About a Boy: Community, Isolation and the Gospel of Jesus

In my opinion, all men are islands. And what’s more, now’s the time to be one. This is an island age. 

Now, you may very well dismiss this statement out of hand, pointing out the fact that nobody can do life alone. You may also identify with the cultural malady that such an idea points towards. Now is the time to be an island? Really? Well, what better time than now to live life alone? Anybody can work from home these days, emailing, blogging and twittering to replace personal interaction. If you can come up with two minutes of energy to sell on youtube and the blogosphere, then you can quite conceivably live a long and prosperous life. Alone.

Hugh Grant’s character, Will, personifies this island-man in the 2002 movie About a Boy (Universal). Will’s father was a songwriter whose efforts left him as a so-called “one-hit-wonder.” Although his career never amounted to much, the royalties from the one song were enough to allow Will to live that comfortable, lazy and unemployed life that each of us dream of every Monday morning. He was an island, impervious to the risks that are involved in work, career, and, most of all, relationships.

Will lived his life exactly like many of us would, had we been given the opportunity. The main difference is that most of us have to go to work, are in some ways compelled into career decisions and find ourselves in relationships with family, spouses and friends all unintentionally. The moment our job gets hard and unsatisfying we disengage and begin looking for a replacement. The same stands for relationships with friends and families. If we get right down to it, we can echo Will’s sentiment:

The thing is, a person’s life is like a TV show. I was the star of The Will Show. And The Will Show wasn’t an ensemble drama. Guests came and went, but I was the regular. It came down to me and me alone.

If we are honest, we can all admit to being very much like him in this way. Our stories feature an ensemble cast of revolving and replaceable characters. The main character, in my instance, Casey is the one constant. We are all familiar with island living.

Things start to change for Will when he encounters Marcus, an awkward 12-year old boy with a severely depressed, suicidal mom. Marcus’ father had divorced his mom and was largely absent from his life. Marcus awkwardly forces himself into the island life of Will, coming by his London flat every day after school to hang out and watch television. Over the course of a few months, Will finds that Marcus has finally broken through the walls that were so carefully constructed through years of isolation. Will, against his own plans, realizes that he finally cares for his young friend. The island has been invaded. Will was no longer alone.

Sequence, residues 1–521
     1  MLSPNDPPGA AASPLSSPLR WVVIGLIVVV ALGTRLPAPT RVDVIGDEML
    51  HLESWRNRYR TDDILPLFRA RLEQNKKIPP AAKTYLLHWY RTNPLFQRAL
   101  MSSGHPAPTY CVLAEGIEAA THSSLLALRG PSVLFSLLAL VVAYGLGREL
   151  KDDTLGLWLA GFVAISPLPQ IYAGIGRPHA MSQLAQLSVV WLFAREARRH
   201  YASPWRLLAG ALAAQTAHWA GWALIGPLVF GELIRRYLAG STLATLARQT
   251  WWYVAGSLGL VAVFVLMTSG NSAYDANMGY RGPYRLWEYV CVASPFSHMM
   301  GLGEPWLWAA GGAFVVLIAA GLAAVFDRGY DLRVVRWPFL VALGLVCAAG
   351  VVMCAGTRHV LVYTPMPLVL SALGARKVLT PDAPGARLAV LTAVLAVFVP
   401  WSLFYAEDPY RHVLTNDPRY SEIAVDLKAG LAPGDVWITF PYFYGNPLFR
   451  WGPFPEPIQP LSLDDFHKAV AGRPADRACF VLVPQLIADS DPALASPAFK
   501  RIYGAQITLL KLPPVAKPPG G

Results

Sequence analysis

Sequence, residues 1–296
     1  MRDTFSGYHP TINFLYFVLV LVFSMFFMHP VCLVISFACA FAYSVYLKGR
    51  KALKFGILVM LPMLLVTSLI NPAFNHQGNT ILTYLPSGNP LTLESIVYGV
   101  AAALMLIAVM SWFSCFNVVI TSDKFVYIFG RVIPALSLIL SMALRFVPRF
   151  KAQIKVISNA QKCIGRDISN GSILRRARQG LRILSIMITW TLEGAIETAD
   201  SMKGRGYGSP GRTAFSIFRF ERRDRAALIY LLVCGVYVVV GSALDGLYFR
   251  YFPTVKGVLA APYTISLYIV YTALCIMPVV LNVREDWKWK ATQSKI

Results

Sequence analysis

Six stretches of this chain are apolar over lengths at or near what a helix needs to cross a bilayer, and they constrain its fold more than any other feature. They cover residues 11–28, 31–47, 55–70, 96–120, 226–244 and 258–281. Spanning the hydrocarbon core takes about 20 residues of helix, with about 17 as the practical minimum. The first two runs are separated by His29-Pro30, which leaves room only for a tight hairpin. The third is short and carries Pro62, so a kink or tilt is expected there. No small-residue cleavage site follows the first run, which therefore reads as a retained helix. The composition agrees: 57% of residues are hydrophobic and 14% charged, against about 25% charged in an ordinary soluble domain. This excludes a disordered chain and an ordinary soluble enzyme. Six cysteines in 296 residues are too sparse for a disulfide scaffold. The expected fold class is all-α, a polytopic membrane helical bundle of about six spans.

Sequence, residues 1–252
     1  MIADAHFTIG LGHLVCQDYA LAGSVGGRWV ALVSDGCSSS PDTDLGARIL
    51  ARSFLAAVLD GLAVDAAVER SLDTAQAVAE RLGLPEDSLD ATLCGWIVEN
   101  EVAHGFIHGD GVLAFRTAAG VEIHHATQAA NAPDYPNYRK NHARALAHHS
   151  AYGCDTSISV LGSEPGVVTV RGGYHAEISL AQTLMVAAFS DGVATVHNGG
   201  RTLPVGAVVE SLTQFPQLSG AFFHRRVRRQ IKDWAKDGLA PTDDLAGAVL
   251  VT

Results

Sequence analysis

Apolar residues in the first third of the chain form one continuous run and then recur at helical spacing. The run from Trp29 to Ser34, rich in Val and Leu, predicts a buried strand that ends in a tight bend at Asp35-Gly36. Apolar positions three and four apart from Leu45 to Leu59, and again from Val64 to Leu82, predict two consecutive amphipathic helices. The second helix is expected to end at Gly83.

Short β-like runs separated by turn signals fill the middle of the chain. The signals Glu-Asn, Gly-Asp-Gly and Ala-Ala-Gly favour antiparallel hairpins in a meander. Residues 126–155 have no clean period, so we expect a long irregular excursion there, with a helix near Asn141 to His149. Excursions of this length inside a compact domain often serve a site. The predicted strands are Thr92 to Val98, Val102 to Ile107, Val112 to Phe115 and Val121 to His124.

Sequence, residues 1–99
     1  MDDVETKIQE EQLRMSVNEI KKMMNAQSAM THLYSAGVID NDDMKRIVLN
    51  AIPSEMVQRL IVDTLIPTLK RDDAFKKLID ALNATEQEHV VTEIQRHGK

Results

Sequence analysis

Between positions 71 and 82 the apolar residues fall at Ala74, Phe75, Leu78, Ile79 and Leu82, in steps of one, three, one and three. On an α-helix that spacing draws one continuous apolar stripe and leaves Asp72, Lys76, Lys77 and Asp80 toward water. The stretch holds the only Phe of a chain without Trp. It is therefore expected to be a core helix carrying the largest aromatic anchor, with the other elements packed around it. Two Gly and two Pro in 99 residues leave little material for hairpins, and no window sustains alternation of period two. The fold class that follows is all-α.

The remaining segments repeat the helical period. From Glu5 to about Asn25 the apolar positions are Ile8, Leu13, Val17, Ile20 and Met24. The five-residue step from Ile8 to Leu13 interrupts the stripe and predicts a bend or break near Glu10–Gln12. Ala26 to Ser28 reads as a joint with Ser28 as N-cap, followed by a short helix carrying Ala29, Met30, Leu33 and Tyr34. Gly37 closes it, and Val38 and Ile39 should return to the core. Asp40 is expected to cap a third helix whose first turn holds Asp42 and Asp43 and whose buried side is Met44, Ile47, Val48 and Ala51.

Far from Marcus’ presence in Will’s life providing the solution, this new relationship only highlights the miserable state of mind his island living to which has brought him. He begins to discover that his self-interested decisions not only affect his own life but also those around him. Not only has Will been deprived of friends but in the process of isolating himself from the world, he has robbed himself of love that must be shared to be experienced.

It is only when Will intentionally forgets himself that he starts to really live. You should go and watch the movie and look for this moment.

Good. Now that you’ve seen the movie, did you see the part when the uber-cool thirty-something Will not only stood by young Marcus in his embarrassing public singing escapade? Of course you did. But then you also saw the part when Will closes his eyes and keeps on playing! Were you squirming with embarrassment for him in that moment? I know I was!

Will takes a punch (or rather a flurry of punches) for young Marcus. He stands in his place and is willingly shamed on his account. He takes on all of Marcus’ weakness because he loves him.

Will loves another person and for the first time in the story the tale is not about him. All of a sudden it is about a boy. For an hour and a half we have seen a story about a selfish man and now we see such a stark contrast. He gladly takes on Marcus’ shame out of stark and simple love.

Is this not just like what the writer of Hebrews described as Jesus’ mission? Jesus…who for the joy set before him endured the cross, despising the shame… Will becomes a sort of Christ figure when he takes the ridicule and mocking laughs that would have otherwise belonged to his young friend. Jesus did this for us- and so much more. He not only took the shame of our guilt away but the guilt itself. He took not only the mocking insults of Herod, Pontius Pilate and an angry mob upon himself but the righteous fury of God himself upon himself. In simple terms, Jesus took not only our shame on himself but so much more, our guilt.

And what a wonderful picture of the Christian community, right? Is this not a striking picture of Paul’s command to “bear one another’s burdens?” When Marcus was weak, Will stood by him and invited the schoolyard taunting upon his own head. This is what the church is called to be, a community that bears one another’s burdens.

This is what life together looks like. We stand together through thick and thin. We are for one another simply because we know that God is for us.

And all of a sudden, we find it is a better time to be a community than an island. This is our reality because Jesus sits down at the right hand of the Father right now and prays for us to love one another just like this.

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